Inside the Lightbox is a new sponsored feature where we mine the extensive Lightbox catalogue for cool shows you might like to watch. This week, to celebrate the premiere of Better Call Saul, Alex Casey approaches the bench with a strong selection of similar dodgy-lawyer-based shows for you to enjoy. //
There was a bizarre time a few years ago when “Denny Crane” became a part of common parlance, and I had no idea why. Now, it all makes perfect sense – all those people were all under the bewitching wisecrack-laden spell of Boston Legal. Just like Better Call Saul is a spinoff of Breaking Bad, Boston Legal is spunoff from the long-running legal dramedy The Practice. Featuring the likes of Star Trek‘s William Shatner as a cleverly deranged ex-marine lawyer (who might as well be from the depths of space) and James Spader as a deeply unethical but highly skilled attorney, it’s a shambolic look into the once-boring world of civil litigation.
If law jargon and old men in weird sheep wigs freaks you out, I assure you that Boston Legal is set far beneath the ivory tower. Story lines have included: a man who cheated on his wife with a cow (a stunning bit part for Better Call Saul‘s Michael McKean), more than a few hostage situations and a boardroom full of lawyers chanting “lesbians”. That’s not just a regular day in court.
Suits revisits that old childhood dream that if you drop out of college and simply rely on your inherent genius, you might be able to escape your druggie past and work your way into a prestigious law firm in New York City. It’s a classic narrative, and one that happened conveniently to Mike Ross. Convincing his way into a law firm job by rattling off the contents of almost an entire textbook, Ross pairs up with Harvey Specter, a powerful up and coming lawyer (who clearly isn’t afraid of illegal employment situations).
What ensues is a sexy, smart and slick show that has it’s fair share of comedy, drama and office mishaps. It does a fantastic job of glossing over the bureaucracy of law, instead reducing it to easy to digest catchphrases that make it sound like anyone could do it. “It’s like Doctors – you just gotta keep pressing until it hurts – then you know where to look.” With last crucial episodes of season four being delivered to Lightbox straight from the US, now is a better time than ever to suit up.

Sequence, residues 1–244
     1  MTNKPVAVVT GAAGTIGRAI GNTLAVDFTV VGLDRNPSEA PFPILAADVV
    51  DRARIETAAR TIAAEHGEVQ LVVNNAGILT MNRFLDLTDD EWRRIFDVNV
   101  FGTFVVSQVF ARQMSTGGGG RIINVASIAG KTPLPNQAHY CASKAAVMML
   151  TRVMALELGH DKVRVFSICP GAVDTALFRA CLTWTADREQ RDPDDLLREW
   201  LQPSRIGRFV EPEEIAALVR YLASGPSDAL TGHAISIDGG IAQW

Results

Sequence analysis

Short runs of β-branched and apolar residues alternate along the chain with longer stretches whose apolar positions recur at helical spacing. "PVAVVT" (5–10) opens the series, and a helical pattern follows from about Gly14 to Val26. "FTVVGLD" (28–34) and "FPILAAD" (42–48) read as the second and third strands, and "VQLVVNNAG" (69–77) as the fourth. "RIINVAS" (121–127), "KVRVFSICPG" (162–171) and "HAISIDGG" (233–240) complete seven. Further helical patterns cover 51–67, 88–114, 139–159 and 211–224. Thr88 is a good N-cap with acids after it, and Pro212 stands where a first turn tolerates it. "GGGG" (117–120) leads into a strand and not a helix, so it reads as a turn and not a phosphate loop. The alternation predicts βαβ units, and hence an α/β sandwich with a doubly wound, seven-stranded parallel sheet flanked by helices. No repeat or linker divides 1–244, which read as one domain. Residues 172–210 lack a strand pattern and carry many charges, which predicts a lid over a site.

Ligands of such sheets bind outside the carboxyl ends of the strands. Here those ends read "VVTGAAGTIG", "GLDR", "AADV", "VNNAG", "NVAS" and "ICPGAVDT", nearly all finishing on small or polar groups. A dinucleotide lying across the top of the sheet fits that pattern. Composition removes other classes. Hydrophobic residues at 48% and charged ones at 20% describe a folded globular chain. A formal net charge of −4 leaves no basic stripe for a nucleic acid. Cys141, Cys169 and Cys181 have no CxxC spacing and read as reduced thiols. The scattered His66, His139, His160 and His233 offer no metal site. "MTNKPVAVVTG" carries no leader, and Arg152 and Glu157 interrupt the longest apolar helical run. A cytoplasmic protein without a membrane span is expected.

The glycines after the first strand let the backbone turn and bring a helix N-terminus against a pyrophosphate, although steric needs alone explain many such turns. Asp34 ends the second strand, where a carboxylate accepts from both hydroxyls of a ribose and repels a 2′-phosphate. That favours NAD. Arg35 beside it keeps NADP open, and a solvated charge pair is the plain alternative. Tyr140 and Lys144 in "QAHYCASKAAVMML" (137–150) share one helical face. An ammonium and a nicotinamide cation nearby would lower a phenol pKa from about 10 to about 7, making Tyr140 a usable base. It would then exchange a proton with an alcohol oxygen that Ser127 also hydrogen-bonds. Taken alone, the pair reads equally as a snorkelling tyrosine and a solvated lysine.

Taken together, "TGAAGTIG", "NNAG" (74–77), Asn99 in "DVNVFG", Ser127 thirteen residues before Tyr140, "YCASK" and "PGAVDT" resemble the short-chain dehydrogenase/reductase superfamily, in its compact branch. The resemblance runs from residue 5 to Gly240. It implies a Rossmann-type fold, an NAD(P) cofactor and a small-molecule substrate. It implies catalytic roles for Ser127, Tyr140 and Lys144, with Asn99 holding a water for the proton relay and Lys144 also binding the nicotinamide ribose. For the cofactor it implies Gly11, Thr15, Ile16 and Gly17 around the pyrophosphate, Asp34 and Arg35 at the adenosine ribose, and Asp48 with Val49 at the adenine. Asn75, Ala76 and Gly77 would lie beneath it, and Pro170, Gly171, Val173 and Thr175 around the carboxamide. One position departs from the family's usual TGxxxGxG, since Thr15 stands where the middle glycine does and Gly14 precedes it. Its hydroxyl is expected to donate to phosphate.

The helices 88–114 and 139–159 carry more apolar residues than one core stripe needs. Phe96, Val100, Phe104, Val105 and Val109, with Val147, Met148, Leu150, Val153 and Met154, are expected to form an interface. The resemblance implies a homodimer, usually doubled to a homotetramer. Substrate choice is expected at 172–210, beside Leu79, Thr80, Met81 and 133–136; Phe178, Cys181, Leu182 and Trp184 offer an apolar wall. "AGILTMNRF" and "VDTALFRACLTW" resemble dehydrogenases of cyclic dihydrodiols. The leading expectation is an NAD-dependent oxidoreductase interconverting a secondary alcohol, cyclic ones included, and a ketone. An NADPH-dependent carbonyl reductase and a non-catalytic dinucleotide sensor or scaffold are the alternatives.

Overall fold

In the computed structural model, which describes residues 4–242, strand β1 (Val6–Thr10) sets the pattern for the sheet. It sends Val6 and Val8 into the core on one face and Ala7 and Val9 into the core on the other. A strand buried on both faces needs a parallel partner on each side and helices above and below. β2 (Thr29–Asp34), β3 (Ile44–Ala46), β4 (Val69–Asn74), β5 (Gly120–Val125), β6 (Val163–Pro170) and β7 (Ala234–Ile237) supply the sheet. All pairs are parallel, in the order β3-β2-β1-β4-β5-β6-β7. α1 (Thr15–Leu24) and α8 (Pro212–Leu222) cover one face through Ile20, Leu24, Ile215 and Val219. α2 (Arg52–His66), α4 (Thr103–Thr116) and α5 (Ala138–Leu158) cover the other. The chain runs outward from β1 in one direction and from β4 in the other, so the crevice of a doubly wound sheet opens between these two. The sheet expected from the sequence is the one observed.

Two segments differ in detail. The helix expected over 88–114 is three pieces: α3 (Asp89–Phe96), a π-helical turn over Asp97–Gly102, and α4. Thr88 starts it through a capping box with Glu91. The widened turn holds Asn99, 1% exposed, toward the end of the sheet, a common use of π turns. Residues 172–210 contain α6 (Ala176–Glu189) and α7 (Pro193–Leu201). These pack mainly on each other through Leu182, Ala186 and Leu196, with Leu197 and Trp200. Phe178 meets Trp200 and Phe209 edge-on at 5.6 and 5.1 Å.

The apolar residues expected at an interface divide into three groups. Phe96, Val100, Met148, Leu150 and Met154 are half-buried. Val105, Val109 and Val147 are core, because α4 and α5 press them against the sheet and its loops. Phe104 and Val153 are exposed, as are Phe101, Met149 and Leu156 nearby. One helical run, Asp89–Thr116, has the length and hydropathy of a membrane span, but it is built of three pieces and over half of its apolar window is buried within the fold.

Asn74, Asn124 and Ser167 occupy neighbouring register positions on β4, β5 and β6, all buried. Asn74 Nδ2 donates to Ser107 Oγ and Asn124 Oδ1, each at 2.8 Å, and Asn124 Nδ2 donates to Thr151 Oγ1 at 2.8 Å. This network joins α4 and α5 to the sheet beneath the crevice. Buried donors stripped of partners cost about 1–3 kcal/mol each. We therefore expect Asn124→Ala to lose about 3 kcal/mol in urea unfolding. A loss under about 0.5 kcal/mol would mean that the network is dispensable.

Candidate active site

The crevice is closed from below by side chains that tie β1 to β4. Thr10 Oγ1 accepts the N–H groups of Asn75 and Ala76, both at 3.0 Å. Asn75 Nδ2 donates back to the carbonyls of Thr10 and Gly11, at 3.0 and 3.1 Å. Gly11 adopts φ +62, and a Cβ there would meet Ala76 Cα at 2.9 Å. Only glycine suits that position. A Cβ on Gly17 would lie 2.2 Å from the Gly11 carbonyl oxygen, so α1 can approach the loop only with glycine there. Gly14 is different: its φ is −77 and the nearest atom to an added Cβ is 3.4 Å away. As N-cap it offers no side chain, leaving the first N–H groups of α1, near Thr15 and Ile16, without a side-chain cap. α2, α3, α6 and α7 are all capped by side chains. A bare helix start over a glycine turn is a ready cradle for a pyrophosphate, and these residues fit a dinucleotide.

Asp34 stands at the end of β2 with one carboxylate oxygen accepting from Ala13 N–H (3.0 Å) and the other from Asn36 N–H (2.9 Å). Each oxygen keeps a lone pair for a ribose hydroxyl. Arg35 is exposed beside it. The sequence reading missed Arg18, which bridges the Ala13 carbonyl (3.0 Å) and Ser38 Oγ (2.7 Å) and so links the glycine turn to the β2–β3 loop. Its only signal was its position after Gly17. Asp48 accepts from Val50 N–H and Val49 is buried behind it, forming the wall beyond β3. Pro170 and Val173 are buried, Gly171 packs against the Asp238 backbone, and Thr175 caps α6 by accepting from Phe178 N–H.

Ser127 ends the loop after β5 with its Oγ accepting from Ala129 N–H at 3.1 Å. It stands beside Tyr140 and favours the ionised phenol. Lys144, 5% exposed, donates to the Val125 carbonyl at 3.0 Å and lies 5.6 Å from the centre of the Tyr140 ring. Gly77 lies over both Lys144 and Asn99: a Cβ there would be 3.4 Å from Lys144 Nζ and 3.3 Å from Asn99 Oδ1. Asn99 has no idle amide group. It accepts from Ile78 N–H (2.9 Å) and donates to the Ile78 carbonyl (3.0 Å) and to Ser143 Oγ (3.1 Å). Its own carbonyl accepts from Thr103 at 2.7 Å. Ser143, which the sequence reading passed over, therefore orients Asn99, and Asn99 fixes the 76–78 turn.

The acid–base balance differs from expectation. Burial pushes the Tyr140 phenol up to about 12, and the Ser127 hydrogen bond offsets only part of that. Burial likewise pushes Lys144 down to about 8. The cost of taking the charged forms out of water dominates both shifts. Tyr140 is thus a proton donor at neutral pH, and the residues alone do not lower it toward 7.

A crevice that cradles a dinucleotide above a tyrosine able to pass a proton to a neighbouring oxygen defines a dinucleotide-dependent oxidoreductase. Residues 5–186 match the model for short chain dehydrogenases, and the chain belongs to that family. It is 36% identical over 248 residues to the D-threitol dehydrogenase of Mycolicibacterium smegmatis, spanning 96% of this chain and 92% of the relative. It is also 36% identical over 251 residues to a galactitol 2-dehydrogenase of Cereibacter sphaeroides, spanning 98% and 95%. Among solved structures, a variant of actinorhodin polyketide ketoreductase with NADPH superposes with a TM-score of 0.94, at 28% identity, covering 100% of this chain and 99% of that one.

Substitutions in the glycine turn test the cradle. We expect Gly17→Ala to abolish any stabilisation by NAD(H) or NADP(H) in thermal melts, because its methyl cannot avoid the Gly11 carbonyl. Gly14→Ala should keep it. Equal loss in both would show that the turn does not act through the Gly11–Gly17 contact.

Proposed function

Franklin and Bash
Following the story of longtime friends and street savvy lawyers Jared Franklin and Peter Bash, this comedy has been described as “Ally McBeal with balls,” which is as apt as it is unnecessarily graphic. Starring the always lovable Breckin Meyer (who hs graduated from skateboard to BMW), it follows a pair of charmingly (sleazy) lawyers who do whatever it takes to win their cases. As the first Law 101 lecture states “if the facts are against you argue the law, if the law is against you have a hot chick take off her clothes in court.”
Despite the sleaze, they are great lawyers. After they win a huge long-running case, the pair are recruited to save an ailing law firm. Joined by a shonky staff list including an ex-con advisor and an agoraphobic attorney, there’s enough comedy to keep this law drama from sinking beneath the bench. Featuring all-star appearances from Malcolm McDowell and Heather Locklear, it’s an unorthodox look at doing all the wrong things for all the right reasons.
Law & Order
There is a strange comfort in the resounding “dun DUN” that opens Law and Order. It’s the sort of show that you don’t know you needed until you’re up late one night in Malaysia and there’s no english-speaking TV apart from Law and Order reruns all night long. What I’m saying is yes, I once watched 5 hours of Law and Order on an exotic South East Asian holiday – and I don’t even feel bad about it.
It’s predictable in the way that an M Night Shyamalan film is predictable – always opening with a dead body found by a couple of bit part characters solely employed to find it in a skip. And yes, it often closes the same – a crucial piece of last minute evidence found that always incriminates the Dad, or the maid, or whoever the least guilty-seeming person is. But I find comfort in the predictability, and still ignore the smarter side of my brain to be constantly shocked by the fill-in-the-blanks twists and turns. Also, if you’re interested, the show lends itself nicely to reckless drinking games. Just don’t end up…dead in a ditch (“dun DUN”).